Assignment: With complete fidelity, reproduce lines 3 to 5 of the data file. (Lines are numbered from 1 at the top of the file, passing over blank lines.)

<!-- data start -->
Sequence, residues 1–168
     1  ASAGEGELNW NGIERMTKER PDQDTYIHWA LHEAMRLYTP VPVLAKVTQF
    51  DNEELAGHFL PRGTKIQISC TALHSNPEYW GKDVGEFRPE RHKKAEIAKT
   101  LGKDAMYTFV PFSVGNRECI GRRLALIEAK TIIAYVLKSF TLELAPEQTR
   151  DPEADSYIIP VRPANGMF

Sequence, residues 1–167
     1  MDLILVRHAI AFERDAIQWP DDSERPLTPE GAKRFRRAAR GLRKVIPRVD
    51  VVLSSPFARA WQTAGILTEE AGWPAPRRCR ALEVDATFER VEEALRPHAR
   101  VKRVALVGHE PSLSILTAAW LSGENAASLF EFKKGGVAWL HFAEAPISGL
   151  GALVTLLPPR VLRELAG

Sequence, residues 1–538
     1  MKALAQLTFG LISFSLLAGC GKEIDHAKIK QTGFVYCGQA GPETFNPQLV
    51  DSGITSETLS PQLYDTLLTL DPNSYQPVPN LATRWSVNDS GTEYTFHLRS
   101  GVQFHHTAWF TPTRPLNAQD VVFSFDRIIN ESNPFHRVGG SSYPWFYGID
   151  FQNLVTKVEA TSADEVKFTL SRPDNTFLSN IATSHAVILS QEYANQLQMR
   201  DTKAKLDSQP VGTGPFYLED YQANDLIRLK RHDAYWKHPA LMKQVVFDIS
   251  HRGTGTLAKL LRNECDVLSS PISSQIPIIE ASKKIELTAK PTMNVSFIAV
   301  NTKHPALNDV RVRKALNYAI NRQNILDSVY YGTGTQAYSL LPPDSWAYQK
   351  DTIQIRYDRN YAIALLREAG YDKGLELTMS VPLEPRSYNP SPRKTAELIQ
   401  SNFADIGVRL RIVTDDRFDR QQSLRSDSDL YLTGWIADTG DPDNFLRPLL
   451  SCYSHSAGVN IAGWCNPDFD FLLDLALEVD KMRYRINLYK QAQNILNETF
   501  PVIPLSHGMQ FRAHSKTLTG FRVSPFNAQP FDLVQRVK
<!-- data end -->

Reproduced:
    51  DNEELAGHFL PRGTKIQISC TALHSNPEYW GKDVGEFRPE RHKKAEIAKT
   101  LGKDAMYTFV PFSVGNRECI GRRLALIEAK TIIAYVLKSF TLELAPEQTR
   151  DPEADSYIIP VRPANGMF